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Staff Playlist: The Book of Will

The cast and crew of The Book of Will and the Lyric staff compiled a Spotify playlist that remind us of the show. Here are some of our favorites!

1. “My Hero” by Foo Fighters

There goes my hero

Watch him as he goes

There goes my hero

He’s ordinary

“This is truly a rag tag group of people who will do anything to honor the legacy of their dear friend (who happens to be William Shakespeare!) and what they pull off is nothing short of heroic. They accomplish a major feat of protecting and ensuring that literature and theater will be preserved and shared for generations to come.” – Heather Darrow, Director of Marketing

Serving as the seventh track on their 1998 album titled The Colour and the Shape, “My Hero” by the Foo Fighters is a tribute to all of the heroes in our lives. These heroes might not even be huge celebrities or folks with a platform, but this song gives gratitude to the ordinary people in our lives that we consider as our heroes. This song conveys that you don’t have to be famous or successful to make a great impact on somebody.

2. “I Was Meant for the Stage” by the Decemberists

From the floorboards to the flies

Here I was fated to reside

And as I take my final bow

Was there ever any doubt?

And as the spotlights fade away

And you’re escorted through the foyer

You will resume your callow ways

But I was meant for the stage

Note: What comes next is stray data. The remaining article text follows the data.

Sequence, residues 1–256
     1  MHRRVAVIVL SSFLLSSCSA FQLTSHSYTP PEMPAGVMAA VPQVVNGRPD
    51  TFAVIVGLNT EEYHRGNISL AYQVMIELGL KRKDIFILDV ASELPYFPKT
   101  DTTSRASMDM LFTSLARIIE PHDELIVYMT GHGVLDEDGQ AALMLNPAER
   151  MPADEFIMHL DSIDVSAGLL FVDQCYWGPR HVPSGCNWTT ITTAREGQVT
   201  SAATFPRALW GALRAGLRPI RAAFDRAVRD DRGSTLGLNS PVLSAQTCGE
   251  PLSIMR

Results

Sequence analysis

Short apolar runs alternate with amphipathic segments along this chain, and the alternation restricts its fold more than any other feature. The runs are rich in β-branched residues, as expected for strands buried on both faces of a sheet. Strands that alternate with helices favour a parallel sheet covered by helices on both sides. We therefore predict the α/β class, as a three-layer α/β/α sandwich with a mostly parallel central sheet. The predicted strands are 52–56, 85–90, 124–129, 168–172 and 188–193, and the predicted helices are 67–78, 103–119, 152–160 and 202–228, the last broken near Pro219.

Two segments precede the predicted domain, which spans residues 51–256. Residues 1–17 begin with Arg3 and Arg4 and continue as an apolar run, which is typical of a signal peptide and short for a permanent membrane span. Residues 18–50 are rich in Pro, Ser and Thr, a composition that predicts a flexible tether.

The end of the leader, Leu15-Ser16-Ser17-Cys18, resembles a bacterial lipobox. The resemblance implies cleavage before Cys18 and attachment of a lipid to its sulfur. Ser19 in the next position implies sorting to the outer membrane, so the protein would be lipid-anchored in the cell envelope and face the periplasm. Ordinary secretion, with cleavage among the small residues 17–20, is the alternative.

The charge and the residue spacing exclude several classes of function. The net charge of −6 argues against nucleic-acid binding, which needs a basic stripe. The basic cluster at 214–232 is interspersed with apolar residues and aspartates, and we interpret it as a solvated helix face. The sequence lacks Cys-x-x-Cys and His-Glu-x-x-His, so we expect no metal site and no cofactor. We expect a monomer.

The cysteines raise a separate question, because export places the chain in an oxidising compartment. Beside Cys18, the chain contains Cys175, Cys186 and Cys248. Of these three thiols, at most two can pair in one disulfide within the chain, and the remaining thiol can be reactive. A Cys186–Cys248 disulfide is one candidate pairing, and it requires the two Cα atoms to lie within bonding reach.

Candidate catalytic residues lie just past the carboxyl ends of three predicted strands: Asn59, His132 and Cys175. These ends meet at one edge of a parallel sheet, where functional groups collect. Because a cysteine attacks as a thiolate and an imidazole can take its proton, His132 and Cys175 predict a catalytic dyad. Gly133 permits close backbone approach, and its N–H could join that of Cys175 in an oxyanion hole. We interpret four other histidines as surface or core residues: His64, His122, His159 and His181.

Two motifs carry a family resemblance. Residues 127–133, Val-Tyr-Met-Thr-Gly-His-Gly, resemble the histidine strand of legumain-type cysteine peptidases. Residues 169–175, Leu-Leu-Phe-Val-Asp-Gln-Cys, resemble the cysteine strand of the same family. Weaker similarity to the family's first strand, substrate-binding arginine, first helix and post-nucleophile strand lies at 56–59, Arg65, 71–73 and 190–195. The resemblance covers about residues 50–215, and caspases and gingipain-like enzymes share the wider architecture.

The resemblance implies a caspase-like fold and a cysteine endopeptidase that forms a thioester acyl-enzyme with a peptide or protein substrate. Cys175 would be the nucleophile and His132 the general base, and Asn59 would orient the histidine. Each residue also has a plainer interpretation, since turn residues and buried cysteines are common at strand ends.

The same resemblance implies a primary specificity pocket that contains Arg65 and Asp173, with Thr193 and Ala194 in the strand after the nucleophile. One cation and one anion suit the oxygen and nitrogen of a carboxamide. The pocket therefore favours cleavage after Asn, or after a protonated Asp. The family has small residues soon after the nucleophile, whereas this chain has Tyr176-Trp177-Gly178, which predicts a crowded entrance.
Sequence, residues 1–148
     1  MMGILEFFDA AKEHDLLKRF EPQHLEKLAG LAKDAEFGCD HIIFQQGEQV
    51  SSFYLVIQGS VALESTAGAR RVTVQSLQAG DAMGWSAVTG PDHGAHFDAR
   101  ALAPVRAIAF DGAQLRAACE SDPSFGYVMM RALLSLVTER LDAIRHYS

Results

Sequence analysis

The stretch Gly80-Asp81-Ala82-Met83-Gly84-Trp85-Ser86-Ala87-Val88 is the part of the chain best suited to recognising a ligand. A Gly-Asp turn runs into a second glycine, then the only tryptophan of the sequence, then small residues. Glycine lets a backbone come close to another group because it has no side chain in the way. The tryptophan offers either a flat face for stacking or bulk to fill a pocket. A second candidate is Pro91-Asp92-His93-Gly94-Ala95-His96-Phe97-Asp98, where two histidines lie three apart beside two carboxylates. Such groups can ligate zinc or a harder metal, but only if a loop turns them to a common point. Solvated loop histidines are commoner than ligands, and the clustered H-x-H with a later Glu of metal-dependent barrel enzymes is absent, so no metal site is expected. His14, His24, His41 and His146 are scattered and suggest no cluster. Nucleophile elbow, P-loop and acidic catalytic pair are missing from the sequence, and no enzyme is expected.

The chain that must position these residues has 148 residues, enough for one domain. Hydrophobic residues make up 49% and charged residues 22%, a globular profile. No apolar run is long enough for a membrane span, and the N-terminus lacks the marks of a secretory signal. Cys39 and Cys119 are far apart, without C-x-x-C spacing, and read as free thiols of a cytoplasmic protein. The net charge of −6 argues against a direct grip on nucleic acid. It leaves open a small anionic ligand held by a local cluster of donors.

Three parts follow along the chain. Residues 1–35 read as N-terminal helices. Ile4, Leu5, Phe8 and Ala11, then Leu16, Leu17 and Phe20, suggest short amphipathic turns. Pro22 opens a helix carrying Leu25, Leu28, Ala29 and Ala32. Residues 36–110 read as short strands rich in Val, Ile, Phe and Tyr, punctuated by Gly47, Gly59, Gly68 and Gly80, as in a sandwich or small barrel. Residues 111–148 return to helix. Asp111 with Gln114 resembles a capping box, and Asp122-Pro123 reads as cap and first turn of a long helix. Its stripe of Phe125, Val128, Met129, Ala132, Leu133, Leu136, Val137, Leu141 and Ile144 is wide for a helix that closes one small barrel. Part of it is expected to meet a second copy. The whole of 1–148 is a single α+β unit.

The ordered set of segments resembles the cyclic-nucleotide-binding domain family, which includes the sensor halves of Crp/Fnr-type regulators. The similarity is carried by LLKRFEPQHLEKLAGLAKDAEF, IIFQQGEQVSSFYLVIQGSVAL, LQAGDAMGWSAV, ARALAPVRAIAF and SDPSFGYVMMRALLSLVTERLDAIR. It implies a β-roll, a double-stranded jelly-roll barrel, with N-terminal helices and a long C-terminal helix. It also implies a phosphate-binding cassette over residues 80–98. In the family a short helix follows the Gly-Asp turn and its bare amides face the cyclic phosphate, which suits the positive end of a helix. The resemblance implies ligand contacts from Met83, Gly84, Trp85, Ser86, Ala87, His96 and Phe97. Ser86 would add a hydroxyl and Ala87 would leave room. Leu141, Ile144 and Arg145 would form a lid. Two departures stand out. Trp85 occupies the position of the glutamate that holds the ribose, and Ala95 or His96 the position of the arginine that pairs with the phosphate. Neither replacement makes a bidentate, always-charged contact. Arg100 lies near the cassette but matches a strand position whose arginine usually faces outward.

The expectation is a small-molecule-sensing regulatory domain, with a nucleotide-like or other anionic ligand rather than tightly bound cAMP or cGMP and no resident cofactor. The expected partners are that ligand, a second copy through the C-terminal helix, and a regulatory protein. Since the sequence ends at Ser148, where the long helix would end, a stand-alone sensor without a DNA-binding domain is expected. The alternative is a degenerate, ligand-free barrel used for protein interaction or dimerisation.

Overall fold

“I Was Meant for the Stage” by the Decemberists serves as the penultimate track to their 2003 album titled Her Majesty the Decemberists. The title of the song really encapsulates the story embedded in the lyrics; the song follows the perspective of one who was meant to perform and pursue his passions, despite what they have been told about the downsides of their profession. Suggested by Executive Director Matt Chapuran, “I Was Meant for the Stage” is a song that perfectly fits within the themes of The Book of Will as a group of unexpected heroes come together to compile Shakespeare’s First Folio, forever changing the worlds of theatre and literature.

3. “Collective Heart” by Happy Rhodes

This collective heart pushes the blood through my veins

Feeding my brain of energy

And this collective heart is rushing life to my hands

From every land come synergy

And I listen to it well, ’cause I put it out

I have some thoughts to sell

Based on love, based on decency

And coming from a source I can’t begin to trace

“The notion that her work belongs not just to her, but to everyone who engages with it, reminds me of Rebecca’s desperate plea to John near the end of act one of The Book of Will.” – Scot Colford, Ralph Crane/Barman/Compositor

Indie singer/songwriter Happy Rhodes recorded the song “Collective Heart” in 1994 as a thank you to her incredibly supportive fanbase. Emitting feelings of love and gratitude, “Collective Heart” encompasses the idea that even in the lowest of lows, one has a community of people they love that they can always turn to for support, and that this “collective heart” is what keeps them going through the rollercoasters of life.

4. “I Knew Prufrock Before He Got Famous” by Frank Turner

Yeah, well life is about love, last minutes and lost evenings

About fire in our bellies and furtive little feelings

And the aching amplitudes that set our needles all a-flickering

And help us with remembering that the only thing that’s left to do is live

Yeah, the only thing that’s left to do is live

“It reminds me of the friendship among Will, Condell, Heminges, and Burbage.  Yes, they eventually became the renowned King’s Men, but they started out as a bunch of friends with a crazy idea about starting a theatre company.” – Alex Smith, Assistant Director